Porterfield's second film was made from a 5-page scenario rather than a screenplay. It combined techniques of documentary and fiction and allowed for more improvisation from the non-professional cast. According to the Maryland Film Festival program notes, "the film's central thread comes from a group of friends and family preparing for the wake of Cory, a Baltimore man whose life was taken by a heroin overdose. As characters reconnect and mourn, many are interviewed by an off-screen voice about who they are and how they live, bringing the narrative into points of intersection with documentary and experimental film. Skate parks, living-room tattoo parlors, paint-gun melees, and karaoke bars provide the visually stunning backdrop for a chorus of scarred but dignified voices calling out for better lives. As with HAMILTON, neighborhood is another integral thread, weaving us through uniquely Baltimorean rural spaces on the edges of our urban experience."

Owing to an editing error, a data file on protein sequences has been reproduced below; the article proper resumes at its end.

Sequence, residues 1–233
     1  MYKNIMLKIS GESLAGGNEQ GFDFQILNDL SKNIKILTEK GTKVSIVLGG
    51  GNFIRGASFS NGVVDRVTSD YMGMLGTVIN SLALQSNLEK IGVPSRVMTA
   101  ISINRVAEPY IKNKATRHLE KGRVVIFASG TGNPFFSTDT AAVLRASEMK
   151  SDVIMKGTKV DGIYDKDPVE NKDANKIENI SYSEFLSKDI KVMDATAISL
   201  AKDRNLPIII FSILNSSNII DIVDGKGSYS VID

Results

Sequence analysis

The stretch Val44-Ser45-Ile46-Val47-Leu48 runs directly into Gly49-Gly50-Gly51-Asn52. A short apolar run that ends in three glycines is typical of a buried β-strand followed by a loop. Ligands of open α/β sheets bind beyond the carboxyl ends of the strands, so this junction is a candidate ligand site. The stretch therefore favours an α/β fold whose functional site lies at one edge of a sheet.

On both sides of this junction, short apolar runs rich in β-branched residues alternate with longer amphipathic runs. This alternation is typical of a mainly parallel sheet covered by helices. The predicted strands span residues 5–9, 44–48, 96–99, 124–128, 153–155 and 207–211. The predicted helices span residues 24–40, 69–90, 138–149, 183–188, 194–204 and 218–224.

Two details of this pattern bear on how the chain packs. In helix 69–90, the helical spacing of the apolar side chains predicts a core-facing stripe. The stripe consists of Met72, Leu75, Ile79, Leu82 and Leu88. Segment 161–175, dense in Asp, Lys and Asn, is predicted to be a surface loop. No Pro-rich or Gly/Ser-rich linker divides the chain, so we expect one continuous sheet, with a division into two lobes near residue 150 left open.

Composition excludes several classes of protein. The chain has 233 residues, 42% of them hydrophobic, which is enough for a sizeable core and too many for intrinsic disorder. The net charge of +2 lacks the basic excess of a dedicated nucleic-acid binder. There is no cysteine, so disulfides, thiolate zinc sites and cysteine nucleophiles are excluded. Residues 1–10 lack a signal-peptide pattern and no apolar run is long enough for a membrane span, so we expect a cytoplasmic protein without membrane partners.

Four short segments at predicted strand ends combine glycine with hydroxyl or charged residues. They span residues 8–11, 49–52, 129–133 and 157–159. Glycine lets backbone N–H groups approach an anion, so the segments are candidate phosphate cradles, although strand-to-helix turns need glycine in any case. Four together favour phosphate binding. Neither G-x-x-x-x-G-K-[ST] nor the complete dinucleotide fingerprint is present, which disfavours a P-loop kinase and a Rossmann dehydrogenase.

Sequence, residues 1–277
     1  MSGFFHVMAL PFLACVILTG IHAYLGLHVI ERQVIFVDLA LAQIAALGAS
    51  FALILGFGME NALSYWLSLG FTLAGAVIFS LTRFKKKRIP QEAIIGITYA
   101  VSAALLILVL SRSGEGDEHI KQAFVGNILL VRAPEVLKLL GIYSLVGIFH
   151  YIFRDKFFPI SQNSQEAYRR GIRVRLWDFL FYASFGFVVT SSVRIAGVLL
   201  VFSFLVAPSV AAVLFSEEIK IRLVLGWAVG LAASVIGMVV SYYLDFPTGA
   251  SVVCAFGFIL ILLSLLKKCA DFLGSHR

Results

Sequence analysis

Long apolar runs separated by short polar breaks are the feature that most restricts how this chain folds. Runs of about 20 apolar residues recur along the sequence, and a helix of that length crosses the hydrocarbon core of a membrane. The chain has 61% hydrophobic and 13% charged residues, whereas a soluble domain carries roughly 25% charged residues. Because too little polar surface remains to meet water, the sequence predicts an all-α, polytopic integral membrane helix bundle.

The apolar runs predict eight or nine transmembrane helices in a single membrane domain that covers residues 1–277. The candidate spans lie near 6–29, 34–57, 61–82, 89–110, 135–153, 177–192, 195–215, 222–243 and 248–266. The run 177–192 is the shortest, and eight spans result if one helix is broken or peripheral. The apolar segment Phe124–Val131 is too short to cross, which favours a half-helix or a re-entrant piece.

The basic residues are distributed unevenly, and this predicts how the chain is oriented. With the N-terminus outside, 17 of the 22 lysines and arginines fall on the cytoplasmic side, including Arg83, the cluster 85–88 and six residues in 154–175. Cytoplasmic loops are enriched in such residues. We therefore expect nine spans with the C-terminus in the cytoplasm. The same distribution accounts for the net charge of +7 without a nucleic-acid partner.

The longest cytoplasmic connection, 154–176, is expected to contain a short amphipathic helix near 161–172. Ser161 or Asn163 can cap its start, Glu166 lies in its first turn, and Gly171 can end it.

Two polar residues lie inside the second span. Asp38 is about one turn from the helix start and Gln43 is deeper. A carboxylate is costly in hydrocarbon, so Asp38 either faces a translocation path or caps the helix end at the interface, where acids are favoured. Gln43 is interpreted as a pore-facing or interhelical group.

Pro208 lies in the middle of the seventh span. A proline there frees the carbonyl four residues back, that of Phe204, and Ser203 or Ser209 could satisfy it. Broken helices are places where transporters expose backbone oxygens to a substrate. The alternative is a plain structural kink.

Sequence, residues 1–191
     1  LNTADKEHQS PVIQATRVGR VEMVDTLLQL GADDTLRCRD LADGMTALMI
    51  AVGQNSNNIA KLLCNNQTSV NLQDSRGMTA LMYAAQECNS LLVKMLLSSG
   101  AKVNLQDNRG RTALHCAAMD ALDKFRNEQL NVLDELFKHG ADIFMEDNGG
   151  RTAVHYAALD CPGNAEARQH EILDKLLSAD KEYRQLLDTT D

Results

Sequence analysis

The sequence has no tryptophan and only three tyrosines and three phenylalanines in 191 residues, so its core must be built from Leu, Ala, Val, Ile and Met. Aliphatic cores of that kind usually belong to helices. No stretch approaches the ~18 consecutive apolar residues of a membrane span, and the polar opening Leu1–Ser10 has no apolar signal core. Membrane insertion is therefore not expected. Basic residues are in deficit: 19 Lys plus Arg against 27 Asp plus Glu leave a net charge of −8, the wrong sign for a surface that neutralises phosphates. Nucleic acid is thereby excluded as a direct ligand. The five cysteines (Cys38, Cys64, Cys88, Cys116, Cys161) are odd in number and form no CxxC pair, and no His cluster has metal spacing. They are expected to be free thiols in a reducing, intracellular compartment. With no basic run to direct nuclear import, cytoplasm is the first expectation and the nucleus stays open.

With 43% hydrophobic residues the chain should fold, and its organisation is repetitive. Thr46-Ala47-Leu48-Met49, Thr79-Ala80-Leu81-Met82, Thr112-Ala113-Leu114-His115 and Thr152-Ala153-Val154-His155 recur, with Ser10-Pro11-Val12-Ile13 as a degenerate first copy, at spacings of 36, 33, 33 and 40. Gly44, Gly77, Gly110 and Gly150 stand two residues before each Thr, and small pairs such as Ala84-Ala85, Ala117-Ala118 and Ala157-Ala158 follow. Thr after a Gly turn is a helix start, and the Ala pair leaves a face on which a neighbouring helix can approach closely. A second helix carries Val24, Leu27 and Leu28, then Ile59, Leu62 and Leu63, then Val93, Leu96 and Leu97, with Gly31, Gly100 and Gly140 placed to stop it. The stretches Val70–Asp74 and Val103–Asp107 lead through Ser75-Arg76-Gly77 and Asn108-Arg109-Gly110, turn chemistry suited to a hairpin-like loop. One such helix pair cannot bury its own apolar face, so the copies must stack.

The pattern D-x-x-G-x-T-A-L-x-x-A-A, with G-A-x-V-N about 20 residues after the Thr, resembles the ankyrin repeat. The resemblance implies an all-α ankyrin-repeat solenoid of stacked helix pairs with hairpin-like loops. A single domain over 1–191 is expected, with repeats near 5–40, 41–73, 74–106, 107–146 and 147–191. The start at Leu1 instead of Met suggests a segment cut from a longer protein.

Made possible with a grant from IFP and Panasonic, shot for $18K, PUTTY HILL premiered at the 2010 International Forum of New Cinema in Berlin. It won "Best Picture" at the Santiago Festival Internacional de Cine, the Festival International du Film de La Roche-sur-Yon, the Festivala Autorskog Filma in Belgrade and the Atlanta Film Festival, as well as the Cinema Eye Honors Award for Nonfiction Filmmaking from The Museum of the Moving Image and Filmmaker Magazine. In 2012, PUTTY HILL was included in the Whitney Biennial. MoMA acquired the film for its permanent collection in 2013.